Laplace Approximation

March 06, 2021

Background : Taylor Expansion

Consider a function f:XRf: \mathcal X \rightarrow \reals and xX.\mathbf x \in \mathcal X. Let's say we would to approximate f(x)f(x) around a local maximum value of ff. We start by finding the optimal value using calculus, i.e. f(x0)=0f'(x_0) = 0; note also that at x0x_0 we have f(x0)<0f''(x_0) < 0. We then do the Taylor expansion to the 2nd order around x0x_0:

f(x)f(x0)+f(x0)(xx0)+12f(x0)(xx0)2=f(x0)+12f(x0)(xx0)2.\begin{aligned} f(x) &\approx f(x_0) + f'(x_0) (x - x_0) + \frac{1}{2} f''(x_0) ( x- x_0)^2 \\ &= f(x_0) + \frac{1}{2} f''(x_0) (x- x_0)^2. \end{aligned}

Let's try to approximate f(x)=esinxxf(x) = e^{\frac{\sin x}{x}} . For this function, x0=1x_0 = 1 and f(x0)=1/3f''(x_0) = -1/3. From derivation, we have

f(x)f(x0)+12f(x0)(xx0)2=116(xx0)2\begin{aligned} f(x) &\approx f(x_0) + \frac{1}{2} f''(x_0) (x- x_0)^2 \\ &= 1 - \frac{1}{6} ( x- x_0)^2 \end{aligned}
Fig 1: Approximating a function with Taylor expansion.

Laplace Approximation

In brief, Laplace (sometimes also called Gaussian) approximation applies the Taylor expansion onf(w)f(w) to compute

p(w)=ef(w)Zp(w) = \frac{e^{f(w)}}{Z}

such that p(w)dw=1\int p(w) dw = 1. In other words, Z=ef(w)dwZ= \int_{-\infty}^\infty e^{f(w)} dw and ef(w)e^{f(w)} is a likelihood.

Let's assume that we only care about the behaviour of p(w)p(w) around the mode wMAPw_\text{MAP}. Define γ:=f(x0)\gamma := - f''(x_0). For the previous section, we know that

ef(w)ef(wMAP)e12γ(wwMAP)2\begin{aligned} e^{f(w)} &\approx e^{f(w_\text{MAP})} e^{-\frac{1}{2}\gamma (w - w_\text{MAP})^2 } \end{aligned}

Thus, we get

Z=ef(wMAP)2πγ.Z = e^{f(w_\text{MAP})} \sqrt{\frac{2\pi}\gamma}.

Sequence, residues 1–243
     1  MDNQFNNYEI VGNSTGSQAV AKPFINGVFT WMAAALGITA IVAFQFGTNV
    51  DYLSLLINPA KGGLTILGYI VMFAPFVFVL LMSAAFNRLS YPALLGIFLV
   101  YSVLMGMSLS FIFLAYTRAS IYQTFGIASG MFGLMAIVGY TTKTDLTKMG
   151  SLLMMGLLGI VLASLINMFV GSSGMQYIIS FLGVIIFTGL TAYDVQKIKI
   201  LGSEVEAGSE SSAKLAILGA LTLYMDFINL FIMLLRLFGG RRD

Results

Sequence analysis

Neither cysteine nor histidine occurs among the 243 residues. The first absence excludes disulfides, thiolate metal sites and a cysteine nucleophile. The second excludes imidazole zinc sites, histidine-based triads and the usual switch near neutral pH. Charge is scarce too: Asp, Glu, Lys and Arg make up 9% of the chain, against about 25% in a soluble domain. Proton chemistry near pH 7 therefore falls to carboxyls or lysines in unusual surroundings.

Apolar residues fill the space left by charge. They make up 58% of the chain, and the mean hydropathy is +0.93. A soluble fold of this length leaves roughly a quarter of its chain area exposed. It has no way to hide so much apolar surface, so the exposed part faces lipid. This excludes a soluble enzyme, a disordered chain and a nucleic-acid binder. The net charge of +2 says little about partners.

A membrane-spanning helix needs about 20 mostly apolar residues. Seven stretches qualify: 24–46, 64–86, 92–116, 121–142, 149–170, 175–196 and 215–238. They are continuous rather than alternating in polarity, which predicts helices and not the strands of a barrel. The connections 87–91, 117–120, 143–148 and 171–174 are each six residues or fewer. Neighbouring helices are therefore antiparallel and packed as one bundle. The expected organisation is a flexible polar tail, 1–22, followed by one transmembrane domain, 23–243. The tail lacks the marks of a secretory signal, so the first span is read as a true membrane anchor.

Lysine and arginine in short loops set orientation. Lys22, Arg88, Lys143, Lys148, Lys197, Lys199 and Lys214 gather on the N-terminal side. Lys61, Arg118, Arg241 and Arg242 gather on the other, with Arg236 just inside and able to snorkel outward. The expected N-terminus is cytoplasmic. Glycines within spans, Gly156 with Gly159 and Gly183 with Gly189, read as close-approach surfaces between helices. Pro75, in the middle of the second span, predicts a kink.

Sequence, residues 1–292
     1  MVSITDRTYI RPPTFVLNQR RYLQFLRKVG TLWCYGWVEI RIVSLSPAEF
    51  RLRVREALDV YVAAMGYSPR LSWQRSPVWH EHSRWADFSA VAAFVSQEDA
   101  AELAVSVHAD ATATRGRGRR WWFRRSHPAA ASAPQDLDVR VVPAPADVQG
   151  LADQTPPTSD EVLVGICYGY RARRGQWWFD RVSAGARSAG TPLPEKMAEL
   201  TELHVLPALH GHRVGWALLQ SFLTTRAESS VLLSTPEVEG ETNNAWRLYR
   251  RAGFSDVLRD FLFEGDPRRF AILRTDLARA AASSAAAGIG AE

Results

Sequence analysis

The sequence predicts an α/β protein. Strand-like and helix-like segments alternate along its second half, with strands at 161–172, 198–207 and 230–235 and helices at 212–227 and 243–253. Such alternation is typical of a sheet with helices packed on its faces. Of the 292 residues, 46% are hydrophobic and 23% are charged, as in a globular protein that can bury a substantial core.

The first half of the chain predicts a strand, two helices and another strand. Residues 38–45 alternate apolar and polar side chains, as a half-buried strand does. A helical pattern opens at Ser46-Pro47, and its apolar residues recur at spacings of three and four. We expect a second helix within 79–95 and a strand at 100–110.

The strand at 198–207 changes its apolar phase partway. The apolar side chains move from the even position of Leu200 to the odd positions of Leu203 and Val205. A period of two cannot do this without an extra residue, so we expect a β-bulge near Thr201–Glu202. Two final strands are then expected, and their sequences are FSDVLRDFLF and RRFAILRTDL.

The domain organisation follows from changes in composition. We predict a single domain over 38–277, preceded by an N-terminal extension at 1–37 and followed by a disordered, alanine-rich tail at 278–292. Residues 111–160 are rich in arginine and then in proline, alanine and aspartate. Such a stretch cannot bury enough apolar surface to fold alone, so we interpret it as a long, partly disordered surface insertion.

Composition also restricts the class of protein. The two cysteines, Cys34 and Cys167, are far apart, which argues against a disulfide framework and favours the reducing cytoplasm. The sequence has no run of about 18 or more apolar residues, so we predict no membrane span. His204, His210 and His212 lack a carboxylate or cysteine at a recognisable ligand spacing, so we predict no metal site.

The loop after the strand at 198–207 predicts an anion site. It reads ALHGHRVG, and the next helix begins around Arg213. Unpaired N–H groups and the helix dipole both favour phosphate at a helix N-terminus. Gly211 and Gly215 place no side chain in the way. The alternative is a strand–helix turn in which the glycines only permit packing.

In other word, p(w)p^(w)=N(wMAP,σ2=(1/γ2))p(w) \approx \hat p(w)= \mathcal N(w_\text{MAP}, \sigma^2= (1/\gamma^2)).

Application 1: Approximating Posterior Distributions

Consider a dataset D={(xi,yi)}i=1n\mathcal D = \{ ( \mathbf x_i, y_i)\}_{i=1}^n and xi,wRd\mathbf x_i, \mathbf w \in \reals^d. We want to estimate estimate the posterior

p(wD)=p(Dw)p(w)p(D).p(\mathbf w | \mathcal D) = \frac{ p(\mathcal D | \mathbf w) p(\mathbf w)}{p(\mathcal D)} .

Using the identity eloga=ae^{\log a} =a, we can write

p(wD)=1Zef(w),p(\mathbf w | \mathcal D) = \frac{1}{Z} e^{- f(\mathbf w)},

where f(w)=(logp(Dw)+logp(w))f(\mathbf w) =- (\log p(\mathcal D | \mathbf w) + \log p(\mathbf w) ) and Z=p(D)Z = p(\mathcal D). For the sake of completeness, we repeat the same derivation again but for the dd dimensional case. We perform the Taylor explanation on f(w)f (\mathbf w) at the mode wMAP\mathbf w_\text{MAP} , yielding

f(w)f(wMAP)+f(wMAP)T(wwMAP)+12(wwMAP)THwMAP(wwMAP),\begin{aligned} f(\mathbf w) \approx f (\mathbf w_\text{MAP}) + \cancel{\nabla f(\mathbf w_\text{MAP})^T ( \mathbf w - \mathbf w_\text{MAP})} + \frac{1}{2} (\mathbf w - \mathbf w_\text{MAP})^T \mathbf H_{\mathbf w_\text{MAP}} (\mathbf w - \mathbf w_\text{MAP}), \end{aligned}

where the first order is zero by construction and HwMAP:=2f(wMAP)\mathbf H_{\mathbf w_\text{MAP}} := \nabla^2 f(\mathbf w_\text{MAP}). Therefore, the posterior is

p^(wD)1Zef(wMAP)e12(wwMAP)THwMAP(wwMAP),\hat p(\mathbf w | \mathcal D) \approx \frac{1}{Z} e^{f(\mathbf w_\text{MAP})} e^{ -\frac{1}{2} (\mathbf w - \mathbf w_\text{MAP})^T \mathbf H_{\mathbf w_\text{MAP}}(\mathbf w - \mathbf w_\text{MAP}) },

which is in the form of a Gaussian distribution. If we set

Z=p(D)=ef(wMAP)(2π)d/2HwMAP1/2,Z = p(\mathcal D) = e^{-f(\mathbf w_\text{MAP})} (2\pi)^{d/2}| \mathbf H_{\mathbf w_\text{MAP}} |^{-1/2},